By Anita Rajan, General Director
This year, the Japan Mobility Show (JMS), formerly the Tokyo Motor Show, returned to the world stage after a four-year long hiatus. The event showcased expansive, inviting, and inspiring mobility options that looked to redefine what the future can hold. The show featured four distinct themes: ‘Life’, ‘Emergency’, ‘Play’ and ‘Food,’ and demonstrated how technology can enhance everyone’s lives. That said, at the heart of the event were the show-stopping vehicle exhibits. Vehicle technologies in pursuit of carbon neutrality, modular designs to fit a variety of consumer needs, and artificial intelligence as a driver for customization of a vehicle’s interior were all on full display in the seemingly endless exhibit hall. Also, beyond the engaging exhibits, the JMS is a compelling reminder of how Japanese-brand automakers continue to push the boundaries of innovation while affirming their commitment to its workers, consumers, and communities across the world and certainly the U.S.
Toyota’s ‘Find Your Future’ exhibit featured a variety of concepts for showgoers. The KAYOIBAKO is a battery electric vehicle (BEV) that is highly customizable to suit various functions for both business and personal use. The company’s racing DNA came shining through with the FT-Se high performance sports BEV concept, which featured Toyota’s next-generation battery technology. For an out-of-this-world mobility option, the Space Mobility Concept was designed to handle rugged terrain on the moon and similar environments. Honda exhibited the ‘Honda Dream Loop’ to illustrate how the dreams of many create the future. Alongside aircraft and robot concepts, Honda debuted the SUSTAINA-C concept dedicated, as the name suggests, to sustainability. The vehicle’s body panels are made from reused acrylic resin materials by applying advanced recycling technologies, which ensures performance and quality levels equivalent to those of new materials. Additionally, the company showcased their “joy of driving” mindset as well as their commitment to an electrified future with the Prelude concept hybrid vehicle. Nissan’s innovation and creativity were also on display with its Hyper EV concept vehicles. Each vehicle is 100% battery electric, includes vehicle to everything (V2X) technology, is made of recycled materials, and is powered by clean energy. The Hyper Force has racing and gaming in mind, the Hyper Punk is an art-forward crossover SUV, and the Hyper Tourer is designed to invoke the experience of Japan’s famous bullet trains.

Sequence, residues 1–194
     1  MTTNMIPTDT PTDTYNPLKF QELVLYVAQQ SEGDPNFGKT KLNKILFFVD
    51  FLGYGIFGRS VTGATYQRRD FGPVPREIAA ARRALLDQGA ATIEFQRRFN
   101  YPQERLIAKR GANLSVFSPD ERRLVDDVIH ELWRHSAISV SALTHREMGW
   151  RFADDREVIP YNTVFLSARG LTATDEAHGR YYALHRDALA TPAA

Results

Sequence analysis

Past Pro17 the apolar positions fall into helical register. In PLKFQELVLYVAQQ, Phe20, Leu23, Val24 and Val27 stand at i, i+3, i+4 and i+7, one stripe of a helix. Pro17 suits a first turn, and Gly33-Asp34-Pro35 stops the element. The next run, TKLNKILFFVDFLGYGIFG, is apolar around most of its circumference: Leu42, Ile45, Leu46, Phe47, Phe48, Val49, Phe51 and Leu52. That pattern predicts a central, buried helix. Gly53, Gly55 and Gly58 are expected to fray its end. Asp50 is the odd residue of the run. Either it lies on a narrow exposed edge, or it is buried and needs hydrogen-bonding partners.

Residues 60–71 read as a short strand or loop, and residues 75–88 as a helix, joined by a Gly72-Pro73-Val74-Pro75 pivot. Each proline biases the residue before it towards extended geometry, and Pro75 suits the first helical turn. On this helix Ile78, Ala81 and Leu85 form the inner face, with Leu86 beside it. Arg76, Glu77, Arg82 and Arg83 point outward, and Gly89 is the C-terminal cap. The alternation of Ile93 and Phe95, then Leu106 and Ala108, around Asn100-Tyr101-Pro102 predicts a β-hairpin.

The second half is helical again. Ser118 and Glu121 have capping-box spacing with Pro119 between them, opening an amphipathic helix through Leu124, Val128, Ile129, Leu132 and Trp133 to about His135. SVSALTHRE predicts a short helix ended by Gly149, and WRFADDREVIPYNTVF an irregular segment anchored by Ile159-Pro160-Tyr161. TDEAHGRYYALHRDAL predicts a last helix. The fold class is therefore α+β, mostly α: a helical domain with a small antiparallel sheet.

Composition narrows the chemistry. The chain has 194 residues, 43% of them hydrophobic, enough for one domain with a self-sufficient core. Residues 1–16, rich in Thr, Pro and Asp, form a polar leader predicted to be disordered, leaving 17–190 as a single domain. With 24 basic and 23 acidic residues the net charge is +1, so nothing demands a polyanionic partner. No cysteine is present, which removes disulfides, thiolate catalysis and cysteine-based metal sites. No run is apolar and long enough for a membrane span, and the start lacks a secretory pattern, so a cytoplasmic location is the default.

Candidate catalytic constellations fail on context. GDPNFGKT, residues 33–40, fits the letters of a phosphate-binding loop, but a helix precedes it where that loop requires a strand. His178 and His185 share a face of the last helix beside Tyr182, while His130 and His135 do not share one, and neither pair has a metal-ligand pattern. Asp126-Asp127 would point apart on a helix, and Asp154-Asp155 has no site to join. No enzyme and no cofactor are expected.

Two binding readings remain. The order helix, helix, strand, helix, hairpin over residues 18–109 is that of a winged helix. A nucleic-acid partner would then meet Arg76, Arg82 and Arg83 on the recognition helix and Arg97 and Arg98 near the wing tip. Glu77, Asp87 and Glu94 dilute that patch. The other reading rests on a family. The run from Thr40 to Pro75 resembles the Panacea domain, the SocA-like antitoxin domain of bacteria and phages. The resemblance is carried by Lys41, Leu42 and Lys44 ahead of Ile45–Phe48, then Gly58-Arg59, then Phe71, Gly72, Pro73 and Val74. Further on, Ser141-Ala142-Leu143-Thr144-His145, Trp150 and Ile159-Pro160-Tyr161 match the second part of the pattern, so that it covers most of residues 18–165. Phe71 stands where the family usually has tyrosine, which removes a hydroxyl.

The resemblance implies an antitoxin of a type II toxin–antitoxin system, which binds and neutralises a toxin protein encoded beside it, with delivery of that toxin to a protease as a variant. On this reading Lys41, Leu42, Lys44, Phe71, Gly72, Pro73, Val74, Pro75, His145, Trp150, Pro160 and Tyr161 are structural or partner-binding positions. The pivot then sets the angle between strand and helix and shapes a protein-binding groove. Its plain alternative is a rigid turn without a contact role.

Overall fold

The awe-inspiring moments don’t stop there since the JMS even featured a flying car! Subaru’s Air Mobility concept is being developed by the company’s aerospace and automotive divisions. Accompanying this concept is Subaru’s Sports Mobility concept, which is a BEV sports car. Mazda unveiled its ICONIC SP, a compact hybrid sports car concept that runs on carbon neutral fuel. Also on display was their MX-5 SeDV, Mazda’s Self-empowerment Driving Vehicle, which can be controlled by only using the driver’s hands. Mitsubishi Motors spotlighted the spirit of adventure in their exhibit. Among displayed vehicles, the company unveiled the D:X concept a PHEV crossover vehicle. Also featured was Mitsubishi Motors’ collaboration with Yamaha and the development of a Dynamic Sound Concept.
Another important, unique, and sizeable area of the JMS was the ‘Out of KidZania’ exhibit, which focused on engaging the curious and creative minds of kids. The area was modeled as a town to feature various types of automaker jobs. It catered to kids as young as three and had specific programming for first to sixth graders so they could gain insights into some of the skills necessary for automotive careers. As children walked through the “town”, they could experience a car modeler job at Mitsubishi Motors, learn about sand mold casting at Mazda, fill a Toyota fuel cell model with hydrogen and then watch it run, conduct product research and development at Honda, understand necessary craftsmanship techniques to build Nissan supercars, and observe the accuracy and speed that a Subaru racing mechanic’s job demands. JAMA members also have a keen understanding that planting the seeds of wonder in children’s minds and excitement in their hearts is part of building the future.
Ultimately, the show highlights the work Japanese-brand automakers are doing to continue to push innovation’s boundaries. Apart from the sheer excitement a show of this caliber has in abundance, it sought to inspire those who may one day join the industry and reinforced pride in those who are already a part of it. In this way, the JMS inspires and is inspired by Japanese-brand automakers’ commitment to the future through all of its significant investments in facilities globally and across the U.S., including in Georgetown, Kentucky; Smyrna, Tennessee; and Marysville, Ohio. JAMA members’ commitment to the future is rooted in their manufacturing, research and development, and supporting operations in the U.S. that they have cultivated for more than 40 years. Generations of automotive professionals – technicians, designers, engineers and all the roles that come together to provide diverse mobility options – are a vital part of these automakers’ enduring legacy in the U.S.
It’s clear with exciting concepts and transformative technologies on display that Japanese-brand automakers are embracing a future of exciting possibilities.